The End of Wimpy

Time for a language lesson. “Con mucho gusto te pagaré el Martes la hamburguesa de hoy.”  The English equivalent is “I’ll gladly pay you Tuesday for a hamburger to-day”.  J. Wellington Wimpy would feel at home in Madrid. “Spain is asking for an international bailout to rescue its debt-laden banking sector, its finance minister announced tonight, as sources suggested the package could total £81bn. ”


“The amount on the table at the moment is as much as up to €100bn but this hasn’t been decided yet,” a senior EU official told AFP during the nearly three-hour call. The money will come with conditions attached entailing a “clean-up of the financial sector”, the source said.

Sure they’re going to clean it up. Just like in Illinois, where Wimpy would do just fine. Walter Russell Mead says public sector pensions in that state are a scam. “$44 billion in promised benefits isn’t going to be there unless something magical happens.”

Specifically, the Illinois Teachers Retirement Fund is one of the country’s worst funded pension funds. According to accountants — who use softer methods to measure the health of public funds than they do of private pensions — teacher pensions in Illinois are only 45 percent funded — the fund is expected to be able to pay less than half the pensions Illinois politicians and union heads have been promising for years…

How crazy is that? In their defense, it can be argued that this is just projecting historical experience: in the last 30 years, investments actually achieved a 9.3 percent rate of return.

But those were highly unusual years. The two longest US economic expansions in history came back to back. While we could all get lucky and have the same kind of run in the next future years, most analysts don’t think anything like these results are possible. New York’s Mayor Michael Bloomberg, a man who knows something about finance, says that assuming an 8 percent rate of return is “laughable” and “absolutely hysterical.” In fact, any assumptions over 7 percent are “indefensible.”


Then it will be like Detroit, which has given up any pretense of being able to pay back anything. Motor city is simply living from hand to mouth, borrowing from organizations which already owe them money. “With Detroit teetering over a monetary abyss, Mayor Dave Bing and the city’s new chief financial officer issued a clarion call Friday, warning bluntly that the city will run out of cash next week if a lawsuit challenging the financial agreement the city made with the state to avoid insolvency isn’t dropped.”

Deputy state Treasurer Thomas Saxton told the city Thursday that Crittendon’s suit could force the state to hold back on revenue-sharing payments that were used, essentially, as collateral for refinancing bonds issued in March so Detroit would not run out of cash.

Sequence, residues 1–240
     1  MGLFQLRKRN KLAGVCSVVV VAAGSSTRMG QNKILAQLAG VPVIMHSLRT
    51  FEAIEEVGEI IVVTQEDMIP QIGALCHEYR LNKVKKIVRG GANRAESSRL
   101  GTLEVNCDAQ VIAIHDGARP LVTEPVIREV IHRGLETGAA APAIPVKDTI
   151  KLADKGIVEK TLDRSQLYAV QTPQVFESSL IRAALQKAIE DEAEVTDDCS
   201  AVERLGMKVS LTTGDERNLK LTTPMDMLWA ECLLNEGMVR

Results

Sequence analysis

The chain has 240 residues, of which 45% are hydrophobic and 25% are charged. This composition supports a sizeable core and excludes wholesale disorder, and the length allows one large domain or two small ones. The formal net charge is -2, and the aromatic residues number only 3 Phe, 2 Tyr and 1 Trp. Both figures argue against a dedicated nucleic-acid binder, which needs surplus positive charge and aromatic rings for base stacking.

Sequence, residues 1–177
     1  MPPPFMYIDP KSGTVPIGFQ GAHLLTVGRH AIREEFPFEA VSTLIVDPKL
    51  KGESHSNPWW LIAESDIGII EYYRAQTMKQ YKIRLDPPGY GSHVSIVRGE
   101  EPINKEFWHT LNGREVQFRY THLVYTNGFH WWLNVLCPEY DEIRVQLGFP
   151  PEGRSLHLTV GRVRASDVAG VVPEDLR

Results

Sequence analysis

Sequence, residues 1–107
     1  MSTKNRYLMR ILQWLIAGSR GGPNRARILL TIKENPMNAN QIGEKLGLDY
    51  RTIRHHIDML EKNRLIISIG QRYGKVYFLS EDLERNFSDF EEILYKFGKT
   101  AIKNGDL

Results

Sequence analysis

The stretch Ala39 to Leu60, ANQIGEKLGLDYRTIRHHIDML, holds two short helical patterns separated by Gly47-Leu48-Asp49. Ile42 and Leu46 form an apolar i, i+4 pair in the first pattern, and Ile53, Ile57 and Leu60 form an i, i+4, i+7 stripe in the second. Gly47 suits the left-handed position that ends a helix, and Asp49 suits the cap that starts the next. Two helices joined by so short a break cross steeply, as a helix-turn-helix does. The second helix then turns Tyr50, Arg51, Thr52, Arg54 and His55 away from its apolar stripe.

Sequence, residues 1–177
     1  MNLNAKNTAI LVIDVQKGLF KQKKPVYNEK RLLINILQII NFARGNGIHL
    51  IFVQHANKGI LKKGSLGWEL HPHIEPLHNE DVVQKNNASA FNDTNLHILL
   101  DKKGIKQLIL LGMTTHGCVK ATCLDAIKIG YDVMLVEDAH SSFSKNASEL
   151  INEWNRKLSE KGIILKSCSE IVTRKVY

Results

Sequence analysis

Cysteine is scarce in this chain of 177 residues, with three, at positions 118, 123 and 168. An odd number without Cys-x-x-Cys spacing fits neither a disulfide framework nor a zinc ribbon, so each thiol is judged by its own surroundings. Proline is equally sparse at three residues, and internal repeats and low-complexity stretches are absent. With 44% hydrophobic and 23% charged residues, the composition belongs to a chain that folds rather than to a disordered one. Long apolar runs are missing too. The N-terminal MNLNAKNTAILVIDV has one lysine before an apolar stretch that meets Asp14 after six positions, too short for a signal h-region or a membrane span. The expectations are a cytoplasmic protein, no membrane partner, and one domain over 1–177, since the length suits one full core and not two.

Detroit already has used $35 million of the $80 million. The money is in an escrow account, but based on Saxton’s letter, city officials will not be able to draw down any more of the money, Martin said…

Crittendon filed a lawsuit Monday saying the consent agreement was “void and unenforceable” because Michigan owes the city $224 million in revenue sharing plus unpaid water bills, parking tickets and other debts. The city charter forbids Detroit from entering into contracts with entities in default to the city, so Crittendon challenged the consent agreement.


The moral of the story, according to Kevin Williamson at the National Review is that you can’t spend more than you earn. You can’t eat more hamburgers then there are Tuesdays. “Detroit is evidence for the fact that the economic limitations on tax increases sometimes kick in before the political limitations do.”

One lesson to learn from Detroit is that investing unions with coercive powers does not ensure future private-sector employment or the preservation of private-sector wages, despite liberal fairy tales to the contrary, nor do protectionist measures strengthen the long-term prospects of domestic firms competing in highly integrated global markets. We cannot legislate away comparative advantage or other facts of life. But the problem of unions’ coercing distortions in the private sector is at this point a relatively small one, given the decline of unionization outside of government. Organized labor being a fundamentally predatory enterprise, its attention has turned to the public sector, where there are fatter and more stable rents to be collected.

In the end, even those generous pensions aren’t worth much if the money’s already been spent. “Detroit … which looks to be running out of money in a week … is what liberalism’s end-game looks like.” It will be interesting to see who goes broke first: Detroit or Spain?


Things must be bad when even the search for extraterrestrial life is feeling the pinch. The Telegraph writes, “Once, it was just described as the ‘global’ recession. But now, it seems that hard times around the world may also be felt on other galaxies”. SETI is about to close unless it can find more hamburgers. “The respected SETI Institute in California, which scours for clues to the origin, nature and prevalence of life in the universe, will be forced to curtail its radio telescope operations, which sweep the heavens for signals from other worlds, unless it can plug a multi-million dollar funding gap.”

Maybe SETI can try luring interplanetary visitors to earth with promises of gambling and entertainment. “Seeking a quick fix to its revenue problems, Detroit chartered several casino-gambling operations, only to see taxes from them begin to decline (by 1.5 percent last year) after a period of early growth. Detroit, once the wealthiest city in the United States by per capita income, is today the second-poorest major U.S. city.”

Well, it was a good gig while it lasted.

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